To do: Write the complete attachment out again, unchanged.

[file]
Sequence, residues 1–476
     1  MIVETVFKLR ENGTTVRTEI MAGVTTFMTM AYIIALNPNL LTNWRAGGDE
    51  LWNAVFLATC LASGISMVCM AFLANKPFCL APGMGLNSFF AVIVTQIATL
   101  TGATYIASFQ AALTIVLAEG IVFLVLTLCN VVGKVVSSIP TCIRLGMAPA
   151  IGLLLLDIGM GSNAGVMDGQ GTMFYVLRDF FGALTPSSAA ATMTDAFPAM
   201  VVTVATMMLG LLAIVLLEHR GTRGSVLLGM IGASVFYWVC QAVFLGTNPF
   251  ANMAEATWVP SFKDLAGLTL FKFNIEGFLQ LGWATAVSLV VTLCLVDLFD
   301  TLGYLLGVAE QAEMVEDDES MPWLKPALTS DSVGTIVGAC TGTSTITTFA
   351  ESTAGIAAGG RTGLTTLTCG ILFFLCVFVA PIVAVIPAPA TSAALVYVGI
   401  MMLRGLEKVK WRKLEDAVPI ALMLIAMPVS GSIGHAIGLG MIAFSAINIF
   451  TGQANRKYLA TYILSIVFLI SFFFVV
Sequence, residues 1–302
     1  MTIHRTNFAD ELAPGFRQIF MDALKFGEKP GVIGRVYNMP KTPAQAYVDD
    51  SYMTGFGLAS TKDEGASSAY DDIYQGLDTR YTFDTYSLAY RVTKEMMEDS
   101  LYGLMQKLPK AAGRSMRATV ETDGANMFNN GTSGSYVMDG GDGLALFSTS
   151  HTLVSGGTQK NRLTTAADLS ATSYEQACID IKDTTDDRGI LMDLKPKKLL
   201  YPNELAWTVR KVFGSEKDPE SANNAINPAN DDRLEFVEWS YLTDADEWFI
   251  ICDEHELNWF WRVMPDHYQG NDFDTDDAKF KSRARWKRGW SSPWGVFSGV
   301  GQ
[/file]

Sequence, residues 1–476
     1  MIVETVFKLR ENGTTVRTEI MAGVTTFMTM AYIIALNPNL LTNWRAGGDE
    51  LWNAVFLATC LASGISMVCM AFLANKPFCL APGMGLNSFF AVIVTQIATL
   101  TGATYIASFQ AALTIVLAEG IVFLVLTLCN VVGKVVSSIP TCIRLGMAPA
   151  IGLLLLDIGM GSNAGVMDGQ GTMFYVLRDF FGALTPSSAA ATMTDAFPAM
   201  VVTVATMMLG LLAIVLLEHR GTRGSVLLGM IGASVFYWVC QAVFLGTNPF
   251  ANMAEATWVP SFKDLAGLTL FKFNIEGFLQ LGWATAVSLV VTLCLVDLFD
   301  TLGYLLGVAE QAEMVEDDES MPWLKPALTS DSVGTIVGAC TGTSTITTFA
   351  ESTAGIAAGG RTGLTTLTCG ILFFLCVFVA PIVAVIPAPA TSAALVYVGI
   401  MMLRGLEKVK WRKLEDAVPI ALMLIAMPVS GSIGHAIGLG MIAFSAINIF
   451  TGQANRKYLA TYILSIVFLI SFFFVV
Sequence, residues 1–302
     1  MTIHRTNFAD ELAPGFRQIF MDALKFGEKP GVIGRVYNMP KTPAQAYVDD
    51  SYMTGFGLAS TKDEGASSAY DDIYQGLDTR YTFDTYSLAY RVTKEMMEDS
   101  LYGLMQKLPK AAGRSMRATV ETDGANMFNN GTSGSYVMDG GDGLALFSTS
   151  HTLVSGGTQK NRLTTAADLS ATSYEQACID IKDTTDDRGI LMDLKPKKLL
   201  YPNELAWTVR KVFGSEKDPE SANNAINPAN DDRLEFVEWS YLTDADEWFI
   251  ICDEHELNWF WRVMPDHYQG NDFDTDDAKF KSRARWKRGW SSPWGVFSGV
   301  GQ